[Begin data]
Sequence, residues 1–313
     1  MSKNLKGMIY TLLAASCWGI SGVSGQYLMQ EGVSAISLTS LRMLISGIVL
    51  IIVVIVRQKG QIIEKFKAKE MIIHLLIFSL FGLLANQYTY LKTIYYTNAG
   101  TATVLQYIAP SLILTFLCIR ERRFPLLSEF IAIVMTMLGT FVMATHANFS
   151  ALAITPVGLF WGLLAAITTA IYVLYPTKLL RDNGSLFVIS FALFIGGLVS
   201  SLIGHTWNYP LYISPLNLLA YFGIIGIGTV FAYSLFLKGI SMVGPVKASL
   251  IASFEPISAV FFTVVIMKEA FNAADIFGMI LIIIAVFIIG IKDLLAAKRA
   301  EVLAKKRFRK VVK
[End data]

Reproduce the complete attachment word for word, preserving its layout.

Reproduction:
Sequence, residues 1–313
     1  MSKNLKGMIY TLLAASCWGI SGVSGQYLMQ EGVSAISLTS LRMLISGIVL
    51  IIVVIVRQKG QIIEKFKAKE MIIHLLIFSL FGLLANQYTY LKTIYYTNAG
   101  TATVLQYIAP SLILTFLCIR ERRFPLLSEF IAIVMTMLGT FVMATHANFS
   151  ALAITPVGLF WGLLAAITTA IYVLYPTKLL RDNGSLFVIS FALFIGGLVS
   201  SLIGHTWNYP LYISPLNLLA YFGIIGIGTV FAYSLFLKGI SMVGPVKASL
   251  IASFEPISAV FFTVVIMKEA FNAADIFGMI LIIIAVFIIG IKDLLAAKRA
   301  EVLAKKRFRK VVK